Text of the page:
The Apple Card might be touted as the modern solution to credit cards in the digital era, but the physical titanium card doesn’t support NFC.
The Apple Card is touted as a modern solution to the dilemma facing credit cards in the digital era, but the physical titanium card lacks the near-field communication (NFC) standards that are commonplace on other cards. One of the benefits of the credit card, compared to other offerings from well-known brands in the banking sphere, is its ease of use. The card is nearly too easy to sign-up for, and the process takes just minutes in the pre-installed Wallet app on iPhones. It also has straightforward billing materials, intuitive payment processes, and a fair cashback system. That is, all while using Apple Pay on a compatible device. When using the physical titanium card that can be requested through the app, the experience is much more rudimentary compared to other cards.
It might seem surprising that a technology company worth trillions of dollars even has a credit card, but it’s comforting to know that the Apple Card is backed by some of the best in the business. Goldman Sachs serves as the issuing bank and has a rich history as a multinational investment banking company based in New York City. The card uses Mastercard’s global payments network, which ensures that the Apple Card is accepted at many locations around the world. Mastercard has continued to experiment with the possibilities of technology in transactions and payments — it’s even using biometrics to allow people to pay for purchases. That’s what makes it all the more puzzling that the Apple Card doesn’t support NFC payments.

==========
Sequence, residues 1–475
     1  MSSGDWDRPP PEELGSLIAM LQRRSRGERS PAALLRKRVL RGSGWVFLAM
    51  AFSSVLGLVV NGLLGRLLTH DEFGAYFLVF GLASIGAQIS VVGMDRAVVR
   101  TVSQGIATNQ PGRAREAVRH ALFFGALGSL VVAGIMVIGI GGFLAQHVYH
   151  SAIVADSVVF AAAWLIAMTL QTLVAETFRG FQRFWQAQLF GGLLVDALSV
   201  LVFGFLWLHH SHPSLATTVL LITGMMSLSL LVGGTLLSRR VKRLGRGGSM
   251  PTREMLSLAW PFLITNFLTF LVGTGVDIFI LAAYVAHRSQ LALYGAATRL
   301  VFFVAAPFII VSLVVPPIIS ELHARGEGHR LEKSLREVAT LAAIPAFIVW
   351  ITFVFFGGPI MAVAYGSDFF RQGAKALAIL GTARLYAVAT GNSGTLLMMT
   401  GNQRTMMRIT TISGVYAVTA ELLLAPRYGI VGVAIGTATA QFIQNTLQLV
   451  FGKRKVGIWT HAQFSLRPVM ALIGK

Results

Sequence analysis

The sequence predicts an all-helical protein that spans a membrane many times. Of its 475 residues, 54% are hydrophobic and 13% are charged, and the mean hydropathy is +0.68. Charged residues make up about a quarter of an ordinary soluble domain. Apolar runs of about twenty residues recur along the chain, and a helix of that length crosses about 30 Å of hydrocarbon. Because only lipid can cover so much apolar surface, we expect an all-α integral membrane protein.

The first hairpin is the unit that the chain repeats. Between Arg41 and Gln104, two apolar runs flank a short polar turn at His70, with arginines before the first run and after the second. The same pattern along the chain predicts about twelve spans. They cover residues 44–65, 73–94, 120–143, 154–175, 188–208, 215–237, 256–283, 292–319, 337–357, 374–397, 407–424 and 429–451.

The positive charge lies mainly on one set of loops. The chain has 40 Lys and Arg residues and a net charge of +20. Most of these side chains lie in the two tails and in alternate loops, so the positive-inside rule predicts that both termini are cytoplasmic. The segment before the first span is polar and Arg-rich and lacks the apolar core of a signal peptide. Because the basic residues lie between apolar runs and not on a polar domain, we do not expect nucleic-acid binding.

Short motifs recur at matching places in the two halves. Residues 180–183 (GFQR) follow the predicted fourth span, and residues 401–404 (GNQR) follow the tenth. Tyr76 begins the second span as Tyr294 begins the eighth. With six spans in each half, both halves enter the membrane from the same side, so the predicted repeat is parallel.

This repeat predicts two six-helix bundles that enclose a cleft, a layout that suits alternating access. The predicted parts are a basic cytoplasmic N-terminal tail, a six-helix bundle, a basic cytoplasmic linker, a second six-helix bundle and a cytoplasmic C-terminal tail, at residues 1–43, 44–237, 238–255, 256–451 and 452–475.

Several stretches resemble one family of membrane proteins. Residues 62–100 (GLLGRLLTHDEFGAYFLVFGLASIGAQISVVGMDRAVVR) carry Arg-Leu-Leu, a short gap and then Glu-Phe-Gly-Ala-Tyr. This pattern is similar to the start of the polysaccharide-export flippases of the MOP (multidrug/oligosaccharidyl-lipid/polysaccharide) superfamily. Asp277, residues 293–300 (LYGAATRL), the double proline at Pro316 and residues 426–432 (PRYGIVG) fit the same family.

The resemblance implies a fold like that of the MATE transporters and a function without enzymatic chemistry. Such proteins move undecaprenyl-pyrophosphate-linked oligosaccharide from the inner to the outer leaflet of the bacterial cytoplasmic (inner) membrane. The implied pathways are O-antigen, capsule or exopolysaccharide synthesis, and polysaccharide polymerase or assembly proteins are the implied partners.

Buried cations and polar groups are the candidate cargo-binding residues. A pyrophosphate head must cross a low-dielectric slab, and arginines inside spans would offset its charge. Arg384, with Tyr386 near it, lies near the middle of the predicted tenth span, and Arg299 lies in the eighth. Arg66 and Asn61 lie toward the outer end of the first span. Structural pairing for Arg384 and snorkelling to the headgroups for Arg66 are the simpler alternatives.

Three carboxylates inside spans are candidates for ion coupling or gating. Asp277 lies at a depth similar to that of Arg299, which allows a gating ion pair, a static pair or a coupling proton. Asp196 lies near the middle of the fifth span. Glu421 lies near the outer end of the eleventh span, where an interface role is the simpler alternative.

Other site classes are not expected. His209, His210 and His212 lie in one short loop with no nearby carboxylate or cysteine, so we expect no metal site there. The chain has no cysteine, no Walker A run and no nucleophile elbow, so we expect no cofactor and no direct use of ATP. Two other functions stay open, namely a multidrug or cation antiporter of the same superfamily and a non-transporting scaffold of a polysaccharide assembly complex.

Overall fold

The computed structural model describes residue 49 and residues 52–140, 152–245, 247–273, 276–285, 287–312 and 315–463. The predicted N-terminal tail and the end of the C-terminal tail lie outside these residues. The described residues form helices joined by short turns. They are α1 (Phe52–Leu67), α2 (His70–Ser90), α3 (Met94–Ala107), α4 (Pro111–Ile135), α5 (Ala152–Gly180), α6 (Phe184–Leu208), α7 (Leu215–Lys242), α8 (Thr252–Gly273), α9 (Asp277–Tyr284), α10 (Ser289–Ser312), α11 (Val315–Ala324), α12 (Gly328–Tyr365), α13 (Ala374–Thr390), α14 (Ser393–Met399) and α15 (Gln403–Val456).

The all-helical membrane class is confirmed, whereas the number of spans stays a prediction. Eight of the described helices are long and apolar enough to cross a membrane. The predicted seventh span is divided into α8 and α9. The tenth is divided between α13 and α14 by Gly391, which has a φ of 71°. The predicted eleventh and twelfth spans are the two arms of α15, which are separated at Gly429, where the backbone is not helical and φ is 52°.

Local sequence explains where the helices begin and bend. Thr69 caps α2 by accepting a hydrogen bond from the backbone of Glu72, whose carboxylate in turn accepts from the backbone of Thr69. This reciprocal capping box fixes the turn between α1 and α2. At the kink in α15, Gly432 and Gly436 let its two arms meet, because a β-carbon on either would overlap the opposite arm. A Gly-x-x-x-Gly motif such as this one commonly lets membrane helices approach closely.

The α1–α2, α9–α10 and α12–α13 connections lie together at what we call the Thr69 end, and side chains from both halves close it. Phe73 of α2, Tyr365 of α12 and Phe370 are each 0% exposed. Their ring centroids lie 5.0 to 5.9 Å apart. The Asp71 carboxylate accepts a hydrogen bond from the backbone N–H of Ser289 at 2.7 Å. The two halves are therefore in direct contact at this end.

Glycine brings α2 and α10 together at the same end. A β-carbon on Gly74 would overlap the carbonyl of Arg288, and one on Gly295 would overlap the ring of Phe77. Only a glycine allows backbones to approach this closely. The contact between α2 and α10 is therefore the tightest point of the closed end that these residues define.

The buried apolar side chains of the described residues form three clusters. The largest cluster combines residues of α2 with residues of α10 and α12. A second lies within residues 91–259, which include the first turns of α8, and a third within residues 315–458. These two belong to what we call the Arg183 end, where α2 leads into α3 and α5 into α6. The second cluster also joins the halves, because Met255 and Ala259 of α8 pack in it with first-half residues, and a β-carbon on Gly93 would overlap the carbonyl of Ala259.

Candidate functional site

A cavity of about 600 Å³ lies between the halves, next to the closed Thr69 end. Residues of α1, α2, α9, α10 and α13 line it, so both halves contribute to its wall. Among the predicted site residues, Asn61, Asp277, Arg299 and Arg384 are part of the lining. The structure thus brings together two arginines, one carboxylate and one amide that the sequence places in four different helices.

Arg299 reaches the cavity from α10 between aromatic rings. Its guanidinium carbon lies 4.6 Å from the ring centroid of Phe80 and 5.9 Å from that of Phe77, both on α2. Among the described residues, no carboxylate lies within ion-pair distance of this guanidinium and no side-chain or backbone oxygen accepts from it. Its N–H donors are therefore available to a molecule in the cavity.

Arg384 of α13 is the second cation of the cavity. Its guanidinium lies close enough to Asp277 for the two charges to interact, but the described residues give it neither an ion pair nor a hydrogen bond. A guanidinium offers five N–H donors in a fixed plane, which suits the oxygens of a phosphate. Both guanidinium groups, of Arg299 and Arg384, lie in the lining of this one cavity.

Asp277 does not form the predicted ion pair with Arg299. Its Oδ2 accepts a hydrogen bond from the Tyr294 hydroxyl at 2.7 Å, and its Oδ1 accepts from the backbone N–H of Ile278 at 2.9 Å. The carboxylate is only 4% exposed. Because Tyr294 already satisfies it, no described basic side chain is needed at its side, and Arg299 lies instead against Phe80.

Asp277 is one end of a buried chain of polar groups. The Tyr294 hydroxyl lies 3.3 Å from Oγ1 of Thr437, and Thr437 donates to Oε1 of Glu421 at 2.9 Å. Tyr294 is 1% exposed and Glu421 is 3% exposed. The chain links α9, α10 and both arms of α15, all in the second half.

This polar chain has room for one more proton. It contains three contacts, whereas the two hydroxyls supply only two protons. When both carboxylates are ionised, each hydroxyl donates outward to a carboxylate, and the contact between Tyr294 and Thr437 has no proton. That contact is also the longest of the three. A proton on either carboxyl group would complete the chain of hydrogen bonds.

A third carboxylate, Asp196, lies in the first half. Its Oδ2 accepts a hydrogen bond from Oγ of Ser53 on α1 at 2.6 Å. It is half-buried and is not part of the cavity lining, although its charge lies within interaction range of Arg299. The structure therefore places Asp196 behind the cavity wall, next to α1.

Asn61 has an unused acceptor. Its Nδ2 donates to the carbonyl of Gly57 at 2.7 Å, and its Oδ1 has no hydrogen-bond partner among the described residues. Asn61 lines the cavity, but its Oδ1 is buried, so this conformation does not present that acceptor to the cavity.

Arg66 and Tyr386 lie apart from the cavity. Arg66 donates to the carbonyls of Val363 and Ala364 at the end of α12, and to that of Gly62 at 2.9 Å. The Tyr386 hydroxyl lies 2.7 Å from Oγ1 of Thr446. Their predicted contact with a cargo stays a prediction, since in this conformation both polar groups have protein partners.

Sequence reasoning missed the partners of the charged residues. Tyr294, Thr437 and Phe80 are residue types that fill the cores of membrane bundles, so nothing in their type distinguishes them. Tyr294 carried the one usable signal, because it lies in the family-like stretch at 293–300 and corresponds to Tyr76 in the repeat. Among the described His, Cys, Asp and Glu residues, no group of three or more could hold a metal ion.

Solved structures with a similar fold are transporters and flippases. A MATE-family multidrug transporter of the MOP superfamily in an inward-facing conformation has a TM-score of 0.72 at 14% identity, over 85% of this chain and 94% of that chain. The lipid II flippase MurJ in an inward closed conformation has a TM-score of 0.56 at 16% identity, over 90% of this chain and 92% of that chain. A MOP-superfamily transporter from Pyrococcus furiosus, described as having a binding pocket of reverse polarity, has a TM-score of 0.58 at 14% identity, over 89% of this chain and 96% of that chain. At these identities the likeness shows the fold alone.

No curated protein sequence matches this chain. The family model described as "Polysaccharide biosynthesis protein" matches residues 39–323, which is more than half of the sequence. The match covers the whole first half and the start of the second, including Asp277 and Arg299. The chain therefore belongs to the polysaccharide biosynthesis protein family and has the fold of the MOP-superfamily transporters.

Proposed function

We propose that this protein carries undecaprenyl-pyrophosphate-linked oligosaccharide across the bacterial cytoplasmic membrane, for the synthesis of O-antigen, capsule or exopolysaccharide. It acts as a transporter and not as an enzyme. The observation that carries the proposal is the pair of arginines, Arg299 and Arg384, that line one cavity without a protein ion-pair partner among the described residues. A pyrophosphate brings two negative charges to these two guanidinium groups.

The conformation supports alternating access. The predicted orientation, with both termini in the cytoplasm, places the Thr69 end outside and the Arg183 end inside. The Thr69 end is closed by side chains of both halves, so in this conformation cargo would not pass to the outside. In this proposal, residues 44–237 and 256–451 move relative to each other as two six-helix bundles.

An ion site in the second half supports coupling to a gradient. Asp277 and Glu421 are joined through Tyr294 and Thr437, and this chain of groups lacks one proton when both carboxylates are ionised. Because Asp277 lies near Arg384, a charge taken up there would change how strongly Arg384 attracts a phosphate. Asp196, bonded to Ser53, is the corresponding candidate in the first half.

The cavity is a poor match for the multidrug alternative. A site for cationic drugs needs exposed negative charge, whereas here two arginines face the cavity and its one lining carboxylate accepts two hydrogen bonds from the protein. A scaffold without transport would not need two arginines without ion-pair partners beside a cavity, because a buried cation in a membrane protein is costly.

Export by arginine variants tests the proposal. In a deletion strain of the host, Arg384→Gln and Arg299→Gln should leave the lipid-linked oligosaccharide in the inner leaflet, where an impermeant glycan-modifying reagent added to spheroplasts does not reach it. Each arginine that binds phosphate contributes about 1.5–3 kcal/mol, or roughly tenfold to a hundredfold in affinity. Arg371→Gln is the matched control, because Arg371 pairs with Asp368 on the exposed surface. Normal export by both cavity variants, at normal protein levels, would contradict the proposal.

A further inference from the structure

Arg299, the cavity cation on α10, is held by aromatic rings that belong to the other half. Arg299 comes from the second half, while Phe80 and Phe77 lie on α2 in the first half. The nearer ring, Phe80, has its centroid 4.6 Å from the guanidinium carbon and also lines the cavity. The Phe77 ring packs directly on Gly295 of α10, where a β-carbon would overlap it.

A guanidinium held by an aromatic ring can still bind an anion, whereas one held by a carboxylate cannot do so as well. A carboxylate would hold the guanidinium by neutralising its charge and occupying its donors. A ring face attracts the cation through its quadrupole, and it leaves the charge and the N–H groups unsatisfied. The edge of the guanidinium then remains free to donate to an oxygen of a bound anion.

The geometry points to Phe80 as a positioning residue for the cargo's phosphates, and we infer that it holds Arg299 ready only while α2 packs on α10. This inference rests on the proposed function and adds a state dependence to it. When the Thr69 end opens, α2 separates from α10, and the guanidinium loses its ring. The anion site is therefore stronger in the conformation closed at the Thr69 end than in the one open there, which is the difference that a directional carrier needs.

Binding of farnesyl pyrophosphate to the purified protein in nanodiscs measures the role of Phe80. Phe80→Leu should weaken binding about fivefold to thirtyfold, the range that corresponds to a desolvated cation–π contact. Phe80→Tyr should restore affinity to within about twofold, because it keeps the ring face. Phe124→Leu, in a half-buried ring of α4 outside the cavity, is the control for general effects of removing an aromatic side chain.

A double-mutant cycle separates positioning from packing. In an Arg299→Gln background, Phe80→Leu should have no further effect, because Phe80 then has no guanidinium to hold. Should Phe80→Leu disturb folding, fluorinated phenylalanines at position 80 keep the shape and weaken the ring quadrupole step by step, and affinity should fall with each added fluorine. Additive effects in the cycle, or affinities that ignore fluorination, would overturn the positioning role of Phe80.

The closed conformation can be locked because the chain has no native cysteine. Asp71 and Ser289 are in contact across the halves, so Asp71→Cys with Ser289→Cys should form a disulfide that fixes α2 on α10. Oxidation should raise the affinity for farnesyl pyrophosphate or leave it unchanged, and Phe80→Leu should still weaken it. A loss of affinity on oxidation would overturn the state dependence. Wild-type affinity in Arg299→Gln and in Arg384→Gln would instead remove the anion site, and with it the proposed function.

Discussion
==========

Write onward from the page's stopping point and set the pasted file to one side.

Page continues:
It turns out that there may be a purely technical reason why the physical Apple Card doesn’t support tap to pay or NFC. The credit card is unique as it is made out of pure titanium and etched with the cardholder’s name using a laser, and features a chip alongside a traditional magstripe. For this reason, Apple Card represents luxury — its heavyweight feel and numberless, all-white appearance make it seem premium. When the card was first introduced in 2019, contactless credit cards were not as commonplace throughout the industry. In the years since, the feature has spread and most new cards issued are NFC-enabled. The titanium makeup of the company’s credit card seemed clever at the time, however, it is the Apple Card’s material that makes contactless payments impossible.
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As Seritag explains, NFC tags work through electromagnetic induction, which sends a signal from the card to the payment terminal to identify the credit card and approve the transaction. It is impossible for electromagnetic signals to pass through metal, ruling out an NFC-enabled titanium card. While it is possible to add some sort of NFC identifier atop a metal surface, it would ruin the card’s aesthetic and performs worse than a plastic card due to the metal’s interference. Without a plastic window to allow the NFC tag to connect with a payment terminal, or about half a millimeter of spacing between the tag and metal, contactless payments would not work properly.
There might be a way to add contactless payments to the physical Apple Card, but Apple is in no rush to bring that feature to its titanium credit card. From the start, Apple has indicated its preference for the Apple Card to be used through Apple Pay on a compatible device over the physical card. This is evidenced through its cashback tiers — Apple Pay yields up to three percent cashback, while the physical card tops out at one percent across the board. It can be frustrating that the most intuitive card in a wallet doesn’t support contactless payments in 2022, but there’s no clear way to add the functionality while preserving the Apple Card‘s image and purpose.
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